4. HIV is not particularly "deadly" any more.
In the context of the United States, there is no reason to label HIV as a deadly virus anymore. Those 1.2 million people living with HIV in the United States are living. Many of them are living long, successful lives. In fact, if a person living with HIV catches their virus early enough and begin treatment, they're expected to lead an average life span.
5. This is also not an opportunity to shame drug users.
While Sheen does not have a history of injection drug use, he does have a history of crack and cocaine use. Often, drug use, condomless sex and depression form a vicious cycle. To know that Sheen is a drug user does not mean he is someone who did something to deserve HIV. Rather, he is someone who is often uncared for in the United States.
The federal syringe exchange funding ban is still in effect. This means there's less access for those who do use injection drugs to be able to do so safely. Also, syringe exchanges often link those who use needles into mental health programs. In the spring, when Indiana experienced a devastating HIV outbreak, the governor listened to public health officials and instituted a needle exchange — for 30 days.
6. HIV affects families.
Sheen is a father. Many fathers, straight or gay, get HIV. (My straight father was one of them.) Whether Sheen is a "family man," he is a man with a family and every family is affected by HIV differently. The Recollectors is a community of people who have coalesced to share stories about how HIV affected their families. Reading some of their stories may help in framing how this is not just one man's story. This is a family story.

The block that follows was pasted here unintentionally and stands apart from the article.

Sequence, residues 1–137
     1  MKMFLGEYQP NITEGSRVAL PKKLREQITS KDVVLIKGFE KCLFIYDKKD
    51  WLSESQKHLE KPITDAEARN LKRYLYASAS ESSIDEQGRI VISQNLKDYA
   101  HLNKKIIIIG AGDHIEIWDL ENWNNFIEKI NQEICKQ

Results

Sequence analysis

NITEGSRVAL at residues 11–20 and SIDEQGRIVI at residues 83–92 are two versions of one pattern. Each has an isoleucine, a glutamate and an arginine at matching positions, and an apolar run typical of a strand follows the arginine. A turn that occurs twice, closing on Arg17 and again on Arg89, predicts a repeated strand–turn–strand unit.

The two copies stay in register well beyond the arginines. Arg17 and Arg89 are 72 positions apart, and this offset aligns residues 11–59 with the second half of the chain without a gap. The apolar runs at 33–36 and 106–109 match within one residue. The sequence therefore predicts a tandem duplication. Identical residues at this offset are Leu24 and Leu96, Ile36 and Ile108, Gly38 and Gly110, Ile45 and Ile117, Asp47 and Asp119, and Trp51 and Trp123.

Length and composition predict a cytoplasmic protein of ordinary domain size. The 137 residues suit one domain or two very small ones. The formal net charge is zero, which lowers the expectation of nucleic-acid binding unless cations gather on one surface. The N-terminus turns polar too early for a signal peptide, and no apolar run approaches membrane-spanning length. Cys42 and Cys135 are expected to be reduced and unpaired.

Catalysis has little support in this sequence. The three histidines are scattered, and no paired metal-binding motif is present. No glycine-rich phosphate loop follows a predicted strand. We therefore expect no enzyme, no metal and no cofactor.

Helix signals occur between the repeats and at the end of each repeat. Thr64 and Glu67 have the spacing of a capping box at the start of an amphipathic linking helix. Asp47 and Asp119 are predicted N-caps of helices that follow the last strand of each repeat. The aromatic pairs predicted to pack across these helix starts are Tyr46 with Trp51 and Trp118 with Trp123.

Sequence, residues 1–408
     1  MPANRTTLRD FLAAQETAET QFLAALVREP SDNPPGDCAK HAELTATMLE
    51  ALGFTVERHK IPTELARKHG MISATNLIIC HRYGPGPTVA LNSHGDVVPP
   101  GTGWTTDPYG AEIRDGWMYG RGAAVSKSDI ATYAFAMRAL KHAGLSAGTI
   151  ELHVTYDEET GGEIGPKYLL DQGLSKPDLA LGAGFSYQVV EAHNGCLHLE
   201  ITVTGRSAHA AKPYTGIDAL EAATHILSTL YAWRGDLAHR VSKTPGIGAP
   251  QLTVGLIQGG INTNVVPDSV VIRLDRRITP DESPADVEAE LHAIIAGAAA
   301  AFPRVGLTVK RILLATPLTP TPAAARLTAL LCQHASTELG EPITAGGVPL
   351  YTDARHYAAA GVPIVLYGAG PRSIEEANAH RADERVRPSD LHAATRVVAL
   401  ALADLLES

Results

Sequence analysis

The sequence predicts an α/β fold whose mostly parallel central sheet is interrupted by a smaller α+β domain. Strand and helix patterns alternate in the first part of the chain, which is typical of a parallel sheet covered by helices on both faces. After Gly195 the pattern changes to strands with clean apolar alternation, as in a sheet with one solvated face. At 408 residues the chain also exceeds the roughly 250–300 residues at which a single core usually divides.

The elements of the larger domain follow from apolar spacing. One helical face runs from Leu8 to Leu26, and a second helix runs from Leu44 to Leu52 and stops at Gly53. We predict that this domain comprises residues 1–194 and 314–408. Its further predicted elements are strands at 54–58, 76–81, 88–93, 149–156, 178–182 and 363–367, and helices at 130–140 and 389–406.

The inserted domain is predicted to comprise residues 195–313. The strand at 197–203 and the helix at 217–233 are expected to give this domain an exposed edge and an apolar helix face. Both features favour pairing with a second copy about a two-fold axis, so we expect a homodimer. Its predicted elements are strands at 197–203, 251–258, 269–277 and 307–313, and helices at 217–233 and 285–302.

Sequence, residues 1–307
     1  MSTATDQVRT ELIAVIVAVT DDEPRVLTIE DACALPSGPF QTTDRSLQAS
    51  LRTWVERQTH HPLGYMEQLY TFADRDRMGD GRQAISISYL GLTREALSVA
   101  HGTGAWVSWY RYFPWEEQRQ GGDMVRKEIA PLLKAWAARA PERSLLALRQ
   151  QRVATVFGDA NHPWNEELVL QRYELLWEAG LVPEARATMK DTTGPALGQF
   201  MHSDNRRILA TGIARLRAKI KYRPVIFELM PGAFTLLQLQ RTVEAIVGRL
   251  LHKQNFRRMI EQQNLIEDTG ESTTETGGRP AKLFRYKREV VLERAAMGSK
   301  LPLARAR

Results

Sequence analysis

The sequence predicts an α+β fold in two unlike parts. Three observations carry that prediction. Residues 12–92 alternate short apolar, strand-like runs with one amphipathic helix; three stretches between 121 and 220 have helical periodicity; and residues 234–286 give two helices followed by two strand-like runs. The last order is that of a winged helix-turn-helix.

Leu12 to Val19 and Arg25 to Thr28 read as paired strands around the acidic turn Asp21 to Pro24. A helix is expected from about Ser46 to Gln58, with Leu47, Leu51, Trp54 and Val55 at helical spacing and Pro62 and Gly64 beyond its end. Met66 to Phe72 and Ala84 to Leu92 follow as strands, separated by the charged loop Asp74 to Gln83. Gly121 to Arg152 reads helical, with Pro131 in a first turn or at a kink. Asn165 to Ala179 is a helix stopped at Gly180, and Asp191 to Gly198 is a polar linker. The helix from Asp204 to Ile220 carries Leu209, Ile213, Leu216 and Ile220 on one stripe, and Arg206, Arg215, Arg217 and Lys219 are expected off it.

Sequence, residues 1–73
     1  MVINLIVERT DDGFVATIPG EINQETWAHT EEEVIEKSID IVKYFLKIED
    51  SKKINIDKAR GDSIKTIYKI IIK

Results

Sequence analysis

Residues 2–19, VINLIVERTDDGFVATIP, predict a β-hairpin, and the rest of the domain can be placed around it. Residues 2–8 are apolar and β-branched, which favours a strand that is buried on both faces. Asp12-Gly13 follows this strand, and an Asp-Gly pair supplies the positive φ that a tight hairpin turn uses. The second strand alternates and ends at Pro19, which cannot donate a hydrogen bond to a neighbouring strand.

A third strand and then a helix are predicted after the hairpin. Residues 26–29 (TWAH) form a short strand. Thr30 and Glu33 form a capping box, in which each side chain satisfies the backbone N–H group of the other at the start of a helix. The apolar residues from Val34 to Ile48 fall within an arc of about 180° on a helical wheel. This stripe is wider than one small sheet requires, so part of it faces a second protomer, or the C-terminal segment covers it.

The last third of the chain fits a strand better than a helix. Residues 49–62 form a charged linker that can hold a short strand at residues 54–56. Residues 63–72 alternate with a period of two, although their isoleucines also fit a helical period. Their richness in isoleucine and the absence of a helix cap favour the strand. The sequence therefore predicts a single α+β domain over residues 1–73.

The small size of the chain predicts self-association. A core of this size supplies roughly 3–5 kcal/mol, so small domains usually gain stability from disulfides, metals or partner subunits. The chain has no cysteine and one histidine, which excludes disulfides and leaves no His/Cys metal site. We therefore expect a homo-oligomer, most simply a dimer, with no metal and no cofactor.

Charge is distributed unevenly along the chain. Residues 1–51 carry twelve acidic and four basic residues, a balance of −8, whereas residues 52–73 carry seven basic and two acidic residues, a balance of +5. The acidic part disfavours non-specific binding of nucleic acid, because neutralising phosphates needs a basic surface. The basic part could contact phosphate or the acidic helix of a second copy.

7. This is a time to talk about people over 50 living with HIV.
Any day now, more than 50% of the people living with HIV will be 50 or older. In fact, POZ magazine just released a list of 100 influential long-term survivors — people, many over 50 — who have lived with the virus for over 20 years. As people with HIV live longer, challenges of living with HIV will be complicated by other conditions associated with old age.
8. Sheen is about to become the most high-profile person living with HIV in the world.
Along with Earvin "Magic" Johnson, Sheen is now the most famous person to have disclosed his HIV-positive status. With that comes the numerous rumors about his health the average person does not have to worry about. While most people with HIV get to think about their status on their own terms, Sheen will learn about his health on a national stage. As we saw with actor Danny Pintauro's recent HIV status disclosure, Sheen's narrative will not be under his control.
9. We shouldn't be so quick to assign anyone the job of being the "face" of HIV.